Name: Ultima Underworld: The Stygian Abyss
Developed By: Looking Glass Studios and Origin Systems
Published By: Origin Systems
Year: 1990

Description: One of the very first first-person games available, and the very first first-person RPG available. Ultima Underworld details a sort of "side story" in the history of the Avatar that occurs between Ultima VI and Ultima VII. The Avatar arrives in Britannia just in time to be accused of kidnapping a Baron's daughter and is unjustly thrown into the Stygian Abyss, the largest and most complex dungeon in Britannia. There the Avatar discovers a much deeper plot and must eventually confront a great demon known as Slasher of Veils.

Notables: As noted above, this was the first real-time first-person RPG available. It's also notable that you could jump and look up and down in this game, long before such advances became available in first-person shooters. The magic system was simple (much simpler than in other Ultimas), and the dungeon design quite complex (perhaps a little too much so in some cases). A superb automapping feature was also included.

My Opinion: A great RPG. It looks a bit primitive today, but still provides many fun hours of play.

Notes: This game is still available from Electronic Arts.

Links:
Encyclopaedia of Computer And Video Games

Corrections:

Ultima Underworld was not the first first person RPG/Action RPG available. What it was, as far as I know, was the first first person game (of any sort) that allowed free-form, instead of tile-based exploration, e.g. the dungeons of Ultima I, or Dungeon Master. Wolfenstein 3D, the second free-form first-person game, came out a few months later. Also, at the time of development, Looking Glass Studios was known as Blue Sky Productions.

Additional Information:

A sequel, Ultima Underworld 2 was released a few years later. Although a fine game in its own right, most people seem to prefer the original.

Salient Game systems :

  • A roll-your-own spell system based on runes. Each rune had a meaning, such as big("vas", in the game), negation("an"), or life("mani"), and by combining them into a "sentence" you could form a spell, such as "big heal"(vas mani), or "great death" (vas an mani). Most spells were documented in the instructions, but some were only discovered by logical experimentation. Players found the runes throughout the course of the game, increasing their spell "vocabulary" as they went.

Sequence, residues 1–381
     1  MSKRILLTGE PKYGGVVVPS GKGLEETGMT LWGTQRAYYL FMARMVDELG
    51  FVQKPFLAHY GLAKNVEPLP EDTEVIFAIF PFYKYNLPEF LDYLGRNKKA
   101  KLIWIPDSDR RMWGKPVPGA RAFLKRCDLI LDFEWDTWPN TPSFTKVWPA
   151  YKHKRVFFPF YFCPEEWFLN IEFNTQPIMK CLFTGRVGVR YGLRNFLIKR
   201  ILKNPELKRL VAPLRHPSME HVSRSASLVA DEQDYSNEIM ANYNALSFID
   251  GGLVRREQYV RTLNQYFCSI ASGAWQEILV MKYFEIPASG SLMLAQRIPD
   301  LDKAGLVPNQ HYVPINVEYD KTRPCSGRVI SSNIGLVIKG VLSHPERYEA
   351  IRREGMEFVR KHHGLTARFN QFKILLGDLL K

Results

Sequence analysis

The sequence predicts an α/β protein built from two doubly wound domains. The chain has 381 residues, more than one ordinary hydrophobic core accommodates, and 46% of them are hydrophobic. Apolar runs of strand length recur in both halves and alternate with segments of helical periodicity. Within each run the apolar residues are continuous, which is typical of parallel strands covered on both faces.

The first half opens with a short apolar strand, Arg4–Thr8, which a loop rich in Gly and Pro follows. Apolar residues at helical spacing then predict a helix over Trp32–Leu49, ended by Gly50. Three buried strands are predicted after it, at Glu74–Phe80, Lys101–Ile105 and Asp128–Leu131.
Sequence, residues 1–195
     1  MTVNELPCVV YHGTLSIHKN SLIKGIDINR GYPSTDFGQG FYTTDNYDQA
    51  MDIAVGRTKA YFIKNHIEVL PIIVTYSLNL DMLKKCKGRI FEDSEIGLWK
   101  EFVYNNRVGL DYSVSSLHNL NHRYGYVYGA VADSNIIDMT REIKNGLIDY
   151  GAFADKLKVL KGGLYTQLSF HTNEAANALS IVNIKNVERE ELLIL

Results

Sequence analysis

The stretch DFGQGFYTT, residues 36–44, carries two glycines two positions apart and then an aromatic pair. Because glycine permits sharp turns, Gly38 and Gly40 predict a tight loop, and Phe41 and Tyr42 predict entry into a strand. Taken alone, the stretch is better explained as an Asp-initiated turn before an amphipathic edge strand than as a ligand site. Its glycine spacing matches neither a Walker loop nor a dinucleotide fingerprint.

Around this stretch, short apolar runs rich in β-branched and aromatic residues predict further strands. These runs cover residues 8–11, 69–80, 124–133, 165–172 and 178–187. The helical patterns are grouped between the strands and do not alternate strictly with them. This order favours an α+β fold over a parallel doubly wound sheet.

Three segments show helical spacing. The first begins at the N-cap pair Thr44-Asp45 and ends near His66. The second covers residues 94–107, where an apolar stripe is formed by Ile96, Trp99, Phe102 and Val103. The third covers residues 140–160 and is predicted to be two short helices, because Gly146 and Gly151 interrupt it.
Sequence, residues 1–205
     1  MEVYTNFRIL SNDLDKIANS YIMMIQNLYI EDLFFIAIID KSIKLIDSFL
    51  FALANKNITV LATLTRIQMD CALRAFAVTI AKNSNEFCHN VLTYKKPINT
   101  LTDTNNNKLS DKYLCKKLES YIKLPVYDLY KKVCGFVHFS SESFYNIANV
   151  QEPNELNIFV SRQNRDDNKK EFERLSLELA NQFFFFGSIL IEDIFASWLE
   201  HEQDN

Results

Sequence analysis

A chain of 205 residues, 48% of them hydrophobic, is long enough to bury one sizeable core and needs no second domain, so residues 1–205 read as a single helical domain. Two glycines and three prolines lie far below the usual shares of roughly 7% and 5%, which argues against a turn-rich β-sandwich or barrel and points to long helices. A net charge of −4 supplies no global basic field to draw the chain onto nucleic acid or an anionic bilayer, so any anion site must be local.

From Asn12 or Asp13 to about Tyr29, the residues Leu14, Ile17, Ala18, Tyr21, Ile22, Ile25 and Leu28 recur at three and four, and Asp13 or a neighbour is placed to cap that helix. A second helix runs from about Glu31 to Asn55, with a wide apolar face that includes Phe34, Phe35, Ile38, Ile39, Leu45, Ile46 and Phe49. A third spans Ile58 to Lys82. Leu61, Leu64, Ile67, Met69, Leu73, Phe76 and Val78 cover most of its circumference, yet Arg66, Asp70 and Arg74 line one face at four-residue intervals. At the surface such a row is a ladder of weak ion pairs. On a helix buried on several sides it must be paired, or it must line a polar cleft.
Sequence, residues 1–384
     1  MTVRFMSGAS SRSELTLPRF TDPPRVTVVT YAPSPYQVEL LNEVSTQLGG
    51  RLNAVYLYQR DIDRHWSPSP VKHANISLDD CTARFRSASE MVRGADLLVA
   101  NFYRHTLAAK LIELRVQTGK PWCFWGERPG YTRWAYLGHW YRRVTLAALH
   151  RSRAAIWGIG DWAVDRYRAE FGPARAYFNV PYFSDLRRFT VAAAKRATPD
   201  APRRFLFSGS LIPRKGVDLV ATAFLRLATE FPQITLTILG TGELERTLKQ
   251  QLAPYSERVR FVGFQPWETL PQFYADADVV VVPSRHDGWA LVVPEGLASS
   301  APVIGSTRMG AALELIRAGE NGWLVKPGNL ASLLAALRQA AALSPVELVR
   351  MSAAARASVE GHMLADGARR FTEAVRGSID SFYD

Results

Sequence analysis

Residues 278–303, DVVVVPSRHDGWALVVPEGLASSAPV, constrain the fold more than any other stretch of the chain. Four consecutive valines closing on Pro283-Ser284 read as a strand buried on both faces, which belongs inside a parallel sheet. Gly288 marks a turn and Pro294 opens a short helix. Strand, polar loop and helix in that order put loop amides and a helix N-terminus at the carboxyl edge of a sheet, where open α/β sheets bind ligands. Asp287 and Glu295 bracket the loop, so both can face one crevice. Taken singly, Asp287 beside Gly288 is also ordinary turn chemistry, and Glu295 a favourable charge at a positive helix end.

• An automapping system that has never been even equaled in any game I have since played (excluding the one sequel). The automap was not only accurate, but provided the capability to add notes to the map to indicate important locations. It also looked so nice it was always a goal of mine to fill it in completely.
  • Fairly detailed conversation trees with choices that affected how NPCs perceived your character.
  • A respectable attempt at realistic physics. Thrown objects would fly through the air and then slide a bit along the ground, and a superball was even included that bounced quite nicely.
  • A large persistent world. From anywhere in the game you could go back to any other location, and all game state was saved.

New Information:

A version for the Pocket PC is currently being developed by ZioSoft. No release date was available at their website as of late April, 2002.

A French developer, Arkane Studios, is developing a spiritual successor to the games in the form of Arx Fatalis. A demo for the game is already available, but the game has not yet been released. The game will be published by Fishtank Interactive.

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